Take Luke 16 for instance. In the parable of Lazarus and the rich man in the afterlife it is noteworthy that Jesus gives the name to this beggar who would have been I nobody but Jesus does not given name to the rich man who everyone in town would’ve known his name. Jesus is not giving us a map of the afterlife he is using that as a stage to talk about god’s involvement in the drama of human life now. Jesus is telling us what God values in this life. If you were to think that Jesus is giving us the architecture of the afterlife then you would literally think that people in heaven can not only see the people being tormented in hell but that they can converse back and forth. This is not the point of the parable.

Parables are not allegory. When you read parables as allegory assigning each character in the story a corresponding person in real life, you often get the point of the parable 100% incorrect. If each time Jesus talks about someone with power and status, like a landowner, you assume that is the god character in the story then the Gospel of Luke really makes God into a monstrous, violent, and conflicted character. If however, you read the story that God is with the servants instead of the landowner, who is probably Rome in coded language, then Jesus’ parables read entirely inverted from the way most of us have been taught to interpret them.

Which brings up the next point.

We must read the Bible more slowly: if you come in thinking that you already know that point that the text is making, you can easily miss the actual thing that is being said.

In Luke 12: 38-40 we begin to see that Jesus’ teaching reads very differently if you are riding high on the hog then if you are on the underside of the beast (in this case Empire). If you have possessions like many of us in America do, the idea of a thief coming in the night causes worry and anxiety. In the context of the first century Jewish occupation by the Romans the thief coming in the night was the in breaking of the kingdom of God.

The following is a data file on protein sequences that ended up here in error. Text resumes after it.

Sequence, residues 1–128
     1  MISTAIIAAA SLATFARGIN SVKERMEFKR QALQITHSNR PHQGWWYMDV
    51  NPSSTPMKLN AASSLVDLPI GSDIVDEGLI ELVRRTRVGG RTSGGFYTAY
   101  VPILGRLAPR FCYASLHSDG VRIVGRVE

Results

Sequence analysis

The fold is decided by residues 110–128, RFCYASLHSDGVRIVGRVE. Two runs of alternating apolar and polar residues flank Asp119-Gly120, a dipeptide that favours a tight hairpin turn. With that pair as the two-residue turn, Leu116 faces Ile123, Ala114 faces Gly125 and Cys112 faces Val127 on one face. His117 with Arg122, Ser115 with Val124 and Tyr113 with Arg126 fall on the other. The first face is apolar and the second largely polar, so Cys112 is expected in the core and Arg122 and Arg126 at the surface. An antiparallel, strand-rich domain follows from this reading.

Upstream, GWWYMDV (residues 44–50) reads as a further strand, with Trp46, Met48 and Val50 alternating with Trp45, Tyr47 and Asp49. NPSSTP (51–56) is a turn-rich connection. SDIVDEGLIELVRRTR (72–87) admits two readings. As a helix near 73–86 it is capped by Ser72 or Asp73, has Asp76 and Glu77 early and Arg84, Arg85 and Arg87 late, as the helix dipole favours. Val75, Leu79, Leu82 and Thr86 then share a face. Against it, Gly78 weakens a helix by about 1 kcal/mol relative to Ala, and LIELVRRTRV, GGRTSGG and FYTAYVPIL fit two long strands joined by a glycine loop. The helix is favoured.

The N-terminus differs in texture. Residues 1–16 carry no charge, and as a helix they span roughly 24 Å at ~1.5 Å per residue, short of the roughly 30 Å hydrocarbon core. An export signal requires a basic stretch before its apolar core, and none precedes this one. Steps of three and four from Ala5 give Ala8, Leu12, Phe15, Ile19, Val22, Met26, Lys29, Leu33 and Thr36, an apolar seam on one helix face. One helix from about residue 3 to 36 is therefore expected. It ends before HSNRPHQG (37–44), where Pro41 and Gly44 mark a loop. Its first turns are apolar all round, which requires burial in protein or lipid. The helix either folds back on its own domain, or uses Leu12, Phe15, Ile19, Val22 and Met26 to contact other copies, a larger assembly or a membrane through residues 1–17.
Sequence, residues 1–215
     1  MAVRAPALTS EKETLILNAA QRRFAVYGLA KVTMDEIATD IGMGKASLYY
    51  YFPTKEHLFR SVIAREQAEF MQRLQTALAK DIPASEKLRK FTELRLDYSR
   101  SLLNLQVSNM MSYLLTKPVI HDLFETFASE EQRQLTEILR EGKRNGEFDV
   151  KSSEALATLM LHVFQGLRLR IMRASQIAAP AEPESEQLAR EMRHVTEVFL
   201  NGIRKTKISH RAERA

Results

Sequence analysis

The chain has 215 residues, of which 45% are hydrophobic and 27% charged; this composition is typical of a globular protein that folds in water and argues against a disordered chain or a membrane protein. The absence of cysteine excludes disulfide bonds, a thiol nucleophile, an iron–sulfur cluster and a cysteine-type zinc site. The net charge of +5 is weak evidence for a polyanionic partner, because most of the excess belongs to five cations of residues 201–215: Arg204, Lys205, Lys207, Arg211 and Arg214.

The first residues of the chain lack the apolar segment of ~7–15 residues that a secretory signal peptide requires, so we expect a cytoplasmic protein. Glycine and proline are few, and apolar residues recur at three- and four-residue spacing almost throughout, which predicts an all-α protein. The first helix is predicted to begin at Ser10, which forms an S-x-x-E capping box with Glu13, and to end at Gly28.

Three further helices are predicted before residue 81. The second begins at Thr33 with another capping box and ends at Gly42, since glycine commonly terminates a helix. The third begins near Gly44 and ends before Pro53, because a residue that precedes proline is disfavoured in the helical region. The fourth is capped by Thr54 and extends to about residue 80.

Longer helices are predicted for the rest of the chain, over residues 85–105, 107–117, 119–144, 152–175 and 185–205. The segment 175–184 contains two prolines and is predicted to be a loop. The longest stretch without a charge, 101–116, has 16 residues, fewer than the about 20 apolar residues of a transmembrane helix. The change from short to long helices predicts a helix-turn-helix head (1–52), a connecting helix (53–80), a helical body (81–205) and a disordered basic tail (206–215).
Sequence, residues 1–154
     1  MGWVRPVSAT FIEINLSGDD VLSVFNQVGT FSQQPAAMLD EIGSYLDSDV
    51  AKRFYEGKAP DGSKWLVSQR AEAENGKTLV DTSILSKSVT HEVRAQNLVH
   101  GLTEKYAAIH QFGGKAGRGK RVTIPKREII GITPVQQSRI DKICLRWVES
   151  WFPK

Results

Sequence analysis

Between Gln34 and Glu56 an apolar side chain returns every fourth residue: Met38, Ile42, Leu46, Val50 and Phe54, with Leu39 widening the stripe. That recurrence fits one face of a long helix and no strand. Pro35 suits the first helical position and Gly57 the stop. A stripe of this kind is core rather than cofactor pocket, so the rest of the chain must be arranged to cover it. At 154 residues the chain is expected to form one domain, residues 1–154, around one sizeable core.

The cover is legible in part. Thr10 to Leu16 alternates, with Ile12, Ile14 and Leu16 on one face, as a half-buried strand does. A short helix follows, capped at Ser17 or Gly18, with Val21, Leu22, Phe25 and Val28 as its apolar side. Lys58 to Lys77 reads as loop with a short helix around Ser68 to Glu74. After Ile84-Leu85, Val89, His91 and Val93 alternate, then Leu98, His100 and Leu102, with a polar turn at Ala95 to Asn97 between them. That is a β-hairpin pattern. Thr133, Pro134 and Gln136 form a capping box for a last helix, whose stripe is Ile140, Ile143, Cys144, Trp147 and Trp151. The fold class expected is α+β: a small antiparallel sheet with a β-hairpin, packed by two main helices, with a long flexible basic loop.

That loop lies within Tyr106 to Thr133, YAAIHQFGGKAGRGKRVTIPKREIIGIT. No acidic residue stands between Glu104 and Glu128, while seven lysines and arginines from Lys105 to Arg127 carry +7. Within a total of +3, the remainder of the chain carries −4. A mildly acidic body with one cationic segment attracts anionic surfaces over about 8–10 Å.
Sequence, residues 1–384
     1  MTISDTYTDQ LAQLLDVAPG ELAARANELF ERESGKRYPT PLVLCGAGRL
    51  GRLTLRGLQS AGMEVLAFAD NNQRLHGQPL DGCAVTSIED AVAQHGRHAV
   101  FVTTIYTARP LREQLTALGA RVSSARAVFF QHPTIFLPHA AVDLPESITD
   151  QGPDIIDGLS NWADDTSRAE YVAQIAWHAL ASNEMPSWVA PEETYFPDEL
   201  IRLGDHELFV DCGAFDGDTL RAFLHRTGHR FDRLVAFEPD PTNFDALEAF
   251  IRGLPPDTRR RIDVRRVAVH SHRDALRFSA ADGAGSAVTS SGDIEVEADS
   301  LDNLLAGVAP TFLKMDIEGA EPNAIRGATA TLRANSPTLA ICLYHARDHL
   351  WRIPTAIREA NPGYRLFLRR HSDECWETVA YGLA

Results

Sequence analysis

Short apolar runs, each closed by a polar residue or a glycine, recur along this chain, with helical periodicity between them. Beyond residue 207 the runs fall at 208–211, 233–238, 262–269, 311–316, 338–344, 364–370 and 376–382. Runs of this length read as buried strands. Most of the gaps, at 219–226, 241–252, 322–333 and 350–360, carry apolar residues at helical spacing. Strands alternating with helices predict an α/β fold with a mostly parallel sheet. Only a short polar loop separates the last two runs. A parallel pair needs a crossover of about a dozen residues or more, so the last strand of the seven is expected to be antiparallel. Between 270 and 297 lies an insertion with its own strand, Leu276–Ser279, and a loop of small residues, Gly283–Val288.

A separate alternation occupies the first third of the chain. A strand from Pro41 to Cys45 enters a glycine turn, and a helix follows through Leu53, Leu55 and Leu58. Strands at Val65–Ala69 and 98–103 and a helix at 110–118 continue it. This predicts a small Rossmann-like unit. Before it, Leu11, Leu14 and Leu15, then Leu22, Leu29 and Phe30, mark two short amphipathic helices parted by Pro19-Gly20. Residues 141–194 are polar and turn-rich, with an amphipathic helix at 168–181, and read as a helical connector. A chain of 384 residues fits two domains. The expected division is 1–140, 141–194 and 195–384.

Earlier in Luke chapter 11 Jesus had talked about the need to bind a strong man if you’re going to ransack his house. And this was probably and allusion to Roman rule and Caesar would be the strong man.

Take Luke 12

“I tell you, my friends, do not fear those who kill the body, and after that can do nothing more. But I will warn you whom to fear: fear him who, after he has killed, has authority to cast into hell. Yes, I tell you, fear him! Are not five sparrows sold for two pennies? Yet not one of them is forgotten in God’s sight. But even the hairs of your head are all counted. Do not be afraid; you are of more value than many sparrows.

When Jesus talks about the one it can be tempting to think he’s talking about God. But it is not God who after he is killed you has the authority to cast you into hell! That is Caesar. Jesus is speaking in code and this should probably be understood as part of the literature of the oppressed. You speak in code when you are not safe just say what you really think. We know that the One in verse 5 (who throws people in hell) is not God because in verse six Jesus name’s God as the one who care about every sparrow.

Jesus often had to speak in code, almost with a wink to his listener, and it’s easy to imagine a Roman century and standing just offscreen keeping an eye on the group that was listening to Jesus. There is so much more that could be said on this topic but I think it would benefit you greatly when you read a parable to ask if the person in power–whether that is a land owner, strongman, the one, etc. – is more likely Cesar character or God. If you make every powerful person in a parable a god character you end up creating a monstrous, even demonic, two-faced and violent character.

If you see ‘the one’ and automatically think ‘God’ you get the exact 100% wrong lesson out of this text. Jesus names god in verse 6 as one who cares about each one. Why would he not have name ‘him’ in verse 5? Because the ‘him’ in verse 5 is not god – it is a contrast to the caring God.

Conclusion:

We can do this same careful kind of reading for the genres of history, epic tales, poetry, proverbs, drama (such as Job and Jonah), prophetic writings, apocalyptic, and epistles. By honoring the genre that a work is written in and by reading slowly without assuming that we already understand the point ahead of time, we allow the text to speak in its own voice and actually negate some of the odder, uglier, and more confusing parts of the Bible that people often find so troubling and distasteful.

I could give you 50 examples of how this is true. One of my favorites is in Hebrews 9:22 (without the shedding of blood there is no forgiveness of sins) which actually is saying the exact opposite thing of the point that it is frequently quoted to mean. We could do this for the story of Abraham sacrificing Isaac or the book of Revelation or more than 80% of the famous passages of scripture that we read outside of their genre.

Genre really matters when it comes to reading the Bible. Which leads perfectly into our next chapter on interpreting texts: H is for Hermeneutics.